19. The Flea Palace by Elif Shafak


There is a certain type of achievement one feels when finishing Elif Shafak’s book. Maybe it’s just me and my biasness towards this woman that I feel after finishing her books or the fact that beyond her writings and stories, the “Author” is more compelling than a story itself.

“People say I have a fanciful mind – probably the most tactful way ever invented of saying ‘you’re talking nonsense!’”

When the first sentence starts off like this, rest assured I am hooked. However, as this book is a compilation of many storylines connected by one main objective/place/human/ideology, I usually find such books difficult to wrap my head around for many reasons. However, Elif, the maestro she is, pulls it off so seamlessly and easily that one doesn’t feel so confused about the characters afterall.

The story revolves around a very mundane issue: Garbage overflow in Istanbul, particularly surrounding an apartment complex called “The Bonbon Palace” and its inhabitants. We’re introduced to all the tenants, their quirks, flaws, backstories, influences, deepest regrets, conniving habits (kids in particular- yes you read that right!), and the intricacies of human relations in general. For me the story of the twin hairdressers who were brought up separately but decided to open a saloon was extremely intriguing for if one was day the other was night, and how their past unravels was utterly beautifully curated.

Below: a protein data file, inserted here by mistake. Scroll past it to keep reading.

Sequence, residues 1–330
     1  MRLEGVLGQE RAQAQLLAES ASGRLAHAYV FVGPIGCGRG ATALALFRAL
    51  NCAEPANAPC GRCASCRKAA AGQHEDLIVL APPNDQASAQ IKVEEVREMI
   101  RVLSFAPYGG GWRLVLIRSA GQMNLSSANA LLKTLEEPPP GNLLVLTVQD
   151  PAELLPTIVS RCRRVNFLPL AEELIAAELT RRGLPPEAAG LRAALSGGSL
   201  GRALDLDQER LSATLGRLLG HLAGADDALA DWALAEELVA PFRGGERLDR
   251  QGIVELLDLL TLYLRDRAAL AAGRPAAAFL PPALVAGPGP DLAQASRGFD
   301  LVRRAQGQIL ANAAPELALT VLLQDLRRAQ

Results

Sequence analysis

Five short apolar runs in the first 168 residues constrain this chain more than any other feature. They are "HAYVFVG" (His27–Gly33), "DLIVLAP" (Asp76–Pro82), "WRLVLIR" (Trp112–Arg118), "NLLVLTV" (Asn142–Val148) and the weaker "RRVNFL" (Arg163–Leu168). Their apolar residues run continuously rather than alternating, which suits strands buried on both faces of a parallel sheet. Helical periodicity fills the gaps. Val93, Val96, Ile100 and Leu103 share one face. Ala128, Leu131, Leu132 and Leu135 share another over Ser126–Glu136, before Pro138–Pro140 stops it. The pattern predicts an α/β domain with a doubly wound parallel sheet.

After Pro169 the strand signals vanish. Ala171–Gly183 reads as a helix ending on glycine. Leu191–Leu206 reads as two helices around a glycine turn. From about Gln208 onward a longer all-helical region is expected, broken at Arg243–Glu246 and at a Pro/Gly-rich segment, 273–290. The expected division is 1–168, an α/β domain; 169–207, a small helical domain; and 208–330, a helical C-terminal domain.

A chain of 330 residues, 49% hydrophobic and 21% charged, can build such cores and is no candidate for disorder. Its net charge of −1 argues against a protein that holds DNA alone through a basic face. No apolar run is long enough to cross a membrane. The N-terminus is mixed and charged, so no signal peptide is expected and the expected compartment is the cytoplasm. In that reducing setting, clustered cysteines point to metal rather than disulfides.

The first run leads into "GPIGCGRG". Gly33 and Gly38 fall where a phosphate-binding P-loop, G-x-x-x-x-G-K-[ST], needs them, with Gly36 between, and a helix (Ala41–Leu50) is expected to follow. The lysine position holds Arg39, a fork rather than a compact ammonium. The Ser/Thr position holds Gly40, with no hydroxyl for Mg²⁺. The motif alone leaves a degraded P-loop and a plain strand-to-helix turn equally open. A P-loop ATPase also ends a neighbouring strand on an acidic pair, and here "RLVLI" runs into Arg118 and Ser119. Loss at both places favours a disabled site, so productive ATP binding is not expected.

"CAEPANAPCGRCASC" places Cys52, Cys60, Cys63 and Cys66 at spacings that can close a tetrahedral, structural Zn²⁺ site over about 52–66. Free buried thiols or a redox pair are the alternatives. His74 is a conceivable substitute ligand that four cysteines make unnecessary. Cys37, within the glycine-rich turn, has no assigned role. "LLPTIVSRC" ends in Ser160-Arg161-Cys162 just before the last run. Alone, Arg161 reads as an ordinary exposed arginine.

Secondly, the main character (not protoganist) is an alcoholic, divorced, handsome, university professor who narrates the story, and it isn’t until the last page that it all connects in your mind how even the tiniest of details were all integral to the development of the character and isn’t that a vital skill to have as an writer? But Shafak’s acknowledgement at the end was so different, I’d recommend reading! Also I came across this Tedtalk by her that resonated with me on a whole another level, worth the time

So, back to the basics:

  1. Rating: 4.0/5.0
  2. Favorite quote: Every loss is unprecedented. You can’t ever know someone else’s hurt, not really—just like touching someone else’s body isn’t the same as having someone else’s body.”
  3. Reader level: Nor too hard, neither too easy, sorta in the middle of opening a dictionary occasionally, and just skipping it and trusting your inference.
  4. Should you read: Yes please.
  5. Would I read it again: Maybe.

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